discounted cash flows and thus provides no
indication as to whether a project adds to firm
value.
Thus, payback fails to fully consider the time
value of money.
Capital Investment Appraisal Techniques
2. Net Present Value (NPV)
Net Present Value (NPV): Net Present Value is found
by subtracting the present value of the after-tax
outflows from the present value of the after-tax
inflows.

Decision Criteria
If NPV > 0, accept the project
If NPV < 0, reject the project
If NPV = 0, technically indifferent
Capital Investment Appraisal Techniques
2. Net Present Value (NPV) (Cont.)

Using the Bennett Sdn Bhd data from Table 1,


assume the firm has a 10% cost of capital. Based
on the given cash flows and cost of capital (required
return), the NPV can be calculated as shown below:
Capital Investment Appraisal Techniques
2. Net Present Value (NPV) (Cont.)
Figure 2
Calculation of NPVs for Bennett Sdn Bhds
Capital Expenditure Alternatives
Capital Investment Appraisal Techniques
2. Net Present Value (NPV) (Cont.)
Using MS EXCEL

Using
excel
CALUCATE EACH VALUE USING
FORMULA
USING FORMULA
DETERMINING THE NET PRESENT VALUE

Firm's cost of capital 10%


Year-End Cash Flow
GIVEN CALCULATE GIVEN CALCULATE
Year Project A using Formula Project B using Formula
0 (42,000) (42,000.00) (45,000) (45,000)
1 14,000 12,727.27 28,000 25,454.55
2 14,000 11,570.25 12,000 9,917.36
3 14,000 10,518.41 10,000 7,513.15
4 14,000 9,562.19 10,000 6,830.13
5 14,000 8,692.90 10,000 6,209.21

NPV 11,071 11,071.01 10,924 10,924.40


Choice of project Project A

NPV= SUM FROM YEAR 0 TO 5


Capital Investment Appraisal Techniques
3. Internal Rate of Return (IRR)

The Internal Rate of Return (IRR) is the discount


rate that will equate the present value of the
outflows with the present value of the inflows.
The IRR is the projects intrinsic rate of return.

Decision Criteria
If IRR > k, accept the project
If IRR < k, reject the project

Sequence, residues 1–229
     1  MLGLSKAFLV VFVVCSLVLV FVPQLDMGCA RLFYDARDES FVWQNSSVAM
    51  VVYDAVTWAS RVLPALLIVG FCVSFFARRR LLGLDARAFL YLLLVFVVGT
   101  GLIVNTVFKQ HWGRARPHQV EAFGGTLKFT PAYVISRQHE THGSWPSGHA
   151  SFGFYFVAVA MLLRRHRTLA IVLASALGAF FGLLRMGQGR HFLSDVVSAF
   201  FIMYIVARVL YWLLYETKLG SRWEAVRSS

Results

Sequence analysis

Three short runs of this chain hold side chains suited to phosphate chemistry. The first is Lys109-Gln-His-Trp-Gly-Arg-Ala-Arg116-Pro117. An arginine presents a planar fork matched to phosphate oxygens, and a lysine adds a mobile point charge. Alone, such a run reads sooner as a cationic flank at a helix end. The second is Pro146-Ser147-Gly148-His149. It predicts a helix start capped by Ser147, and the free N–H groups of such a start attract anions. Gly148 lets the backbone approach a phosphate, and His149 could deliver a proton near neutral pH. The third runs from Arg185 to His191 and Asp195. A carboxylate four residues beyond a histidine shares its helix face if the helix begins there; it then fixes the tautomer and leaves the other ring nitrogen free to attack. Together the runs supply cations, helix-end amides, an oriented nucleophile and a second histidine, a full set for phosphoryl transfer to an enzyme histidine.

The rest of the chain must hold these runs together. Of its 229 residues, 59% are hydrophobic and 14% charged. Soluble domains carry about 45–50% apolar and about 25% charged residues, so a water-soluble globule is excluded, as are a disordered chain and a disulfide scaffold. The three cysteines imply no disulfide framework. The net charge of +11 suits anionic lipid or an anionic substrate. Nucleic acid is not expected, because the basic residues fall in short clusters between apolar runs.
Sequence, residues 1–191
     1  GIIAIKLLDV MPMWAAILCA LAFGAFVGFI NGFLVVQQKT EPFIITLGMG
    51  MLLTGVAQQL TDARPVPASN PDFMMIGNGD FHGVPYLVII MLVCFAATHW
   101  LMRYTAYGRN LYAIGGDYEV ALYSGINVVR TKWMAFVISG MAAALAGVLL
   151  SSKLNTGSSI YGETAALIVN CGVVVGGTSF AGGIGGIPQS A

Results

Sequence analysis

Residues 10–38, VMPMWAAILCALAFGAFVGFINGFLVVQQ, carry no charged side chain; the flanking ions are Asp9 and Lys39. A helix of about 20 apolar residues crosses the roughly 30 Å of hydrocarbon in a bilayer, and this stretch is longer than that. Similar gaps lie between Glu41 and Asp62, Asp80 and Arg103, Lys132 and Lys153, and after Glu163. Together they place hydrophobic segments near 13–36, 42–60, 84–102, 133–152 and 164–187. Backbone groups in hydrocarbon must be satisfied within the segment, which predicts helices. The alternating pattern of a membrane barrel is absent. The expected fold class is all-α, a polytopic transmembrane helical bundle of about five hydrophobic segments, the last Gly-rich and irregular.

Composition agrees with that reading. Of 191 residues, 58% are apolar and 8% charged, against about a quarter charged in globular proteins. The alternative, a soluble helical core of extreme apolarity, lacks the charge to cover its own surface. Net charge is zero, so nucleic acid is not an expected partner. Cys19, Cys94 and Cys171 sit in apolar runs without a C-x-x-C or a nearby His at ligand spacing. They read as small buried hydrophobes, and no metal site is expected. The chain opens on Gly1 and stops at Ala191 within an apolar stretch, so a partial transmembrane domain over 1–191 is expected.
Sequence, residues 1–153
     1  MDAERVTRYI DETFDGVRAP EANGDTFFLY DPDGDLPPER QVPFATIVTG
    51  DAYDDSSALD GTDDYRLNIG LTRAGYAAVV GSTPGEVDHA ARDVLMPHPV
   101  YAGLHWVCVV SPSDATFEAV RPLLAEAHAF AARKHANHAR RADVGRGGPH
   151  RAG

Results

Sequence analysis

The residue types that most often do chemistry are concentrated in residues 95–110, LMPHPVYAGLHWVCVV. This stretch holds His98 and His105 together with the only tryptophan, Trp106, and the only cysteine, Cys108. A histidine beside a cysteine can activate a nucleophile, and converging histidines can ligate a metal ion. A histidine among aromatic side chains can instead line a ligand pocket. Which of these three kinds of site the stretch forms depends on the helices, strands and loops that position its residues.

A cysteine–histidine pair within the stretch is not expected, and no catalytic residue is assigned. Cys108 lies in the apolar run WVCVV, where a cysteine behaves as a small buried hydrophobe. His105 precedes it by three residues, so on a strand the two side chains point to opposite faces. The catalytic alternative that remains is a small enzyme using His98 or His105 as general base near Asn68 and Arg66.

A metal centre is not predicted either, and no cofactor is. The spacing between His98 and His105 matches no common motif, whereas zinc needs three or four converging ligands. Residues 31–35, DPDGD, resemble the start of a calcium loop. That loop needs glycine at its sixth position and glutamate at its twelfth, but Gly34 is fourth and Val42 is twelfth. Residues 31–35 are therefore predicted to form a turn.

If IRR = k, technically indifferent
Capital Investment Appraisal Techniques
3. Internal Rate of Return (IRR) (cont.)
Figure 3
Calculation of IRRs for Bennett Sdn Bhds
Capital Expenditure Alternatives
Capital Investment Appraisal Techniques
3. Internal Rate of Return (IRR) (cont.)
Using MS EXCEL
Capital Investment Appraisal Techniques
3. Internal Rate of Return (IRR) (cont.)
Using formula DETERMINING THE NET PRESENT VALUE
Firm's cost of capital
Year-End Cash Flow
interest =i 0.1 0.1
Year =n Project A using Formula Project B using Formula
0 (42,000) (42,000.00) (45,000) (45,000)
1 14,000 12,727.27 28,000 25,454.55
2 14,000 11,570.25 12,000 9,917.36
3 14,000 10,518.41 10,000 7,513.15
4 14,000 9,562.19 10,000 6,830.13
5 14,000 8,692.90 10,000 6,209.21

NPV 11,071 11,071.01 10,924 10,924.40


IRR 19.9% 21.7%
Choice of project Project A

Let say interest rate 10%= NPV +ve


Capital Investment Appraisal Techniques
3. Internal Rate of Return (IRR) (cont.)
DETERMINING THE NET PRESENT VALUE
Firm's cost of capital
Year-End Cash Flow
interest =i 0.25 0.25
Year =n Project A using Formula Project B using Formula
0 (42,000) (42,000.00) (45,000) (45,000)
1 14,000 11,200.00 28,000 22,400.00
2 14,000 8,960.00 12,000 7,680.00
3 14,000 7,168.00 10,000 5,120.00
4 14,000 5,734.40 10,000 4,096.00
5 14,000 4,587.52 10,000 3,276.80

NPV 11,071 (4,350.08) 10,924 (2,427.20)


IRR 19.9% 21.7%
Choice of project Project A

Let say interest rate 25%= NPV -ve


Capital Investment Appraisal Techniques
3. Internal Rate of Return (IRR) (cont.)

Solve using interpolation technique.

Project A Project B
interest NPV
10 11071.01 10,924
X 0 0
25 -4350.08 10924.397

using interpolation we find:


IRR 19.9% 21.7%

38
Case 2: Exercise
The objective of this exercise is to examine an
investment and measure its performance using the
following techniques:
Payback Period
NPV
IRR

A firm is considering an investment programme. It has a


choice of three projects each of which cost RM60,,000,
but capital is limited to RM60,,000.

The firms existing return on capital is 15% and in this


case this is assumed to be their cost of capital for
appraisal purposes.
Case 2 (Cont.)

Project A Project B Project C


Hydraulic Ramps Modification to metal Special Delivery
Workshop cutting machine vehicle

Forecasted Net Cash Flows:

Yr. RM RM RM
1 12,000 18,000 24,000
2 21,000 12,000 27,000
3 27,000 21,000 15,000
4 15,000 21,000 15,000
5 21,000 19,500 9,000
96,000 91,500 90,000
Which Approach is Better?

On a purely theoretical basis, NPV is the better


approach because:
NPV assumes that intermediate cash flows are reinvested at
the cost of capital whereas IRR assumes they are reinvested
at the IRR,
Certain mathematical properties may cause a project with
non-conventional cash flows to have zero or more than one
real IRR.
Despite its theoretical superiority, however, financial
managers prefer to use the IRR because of the
preference for rates of return.
Table 8
Summary of Key Formulas/Definitions and Decision Criteria
for Capital Budgeting Techniques
THANK YOU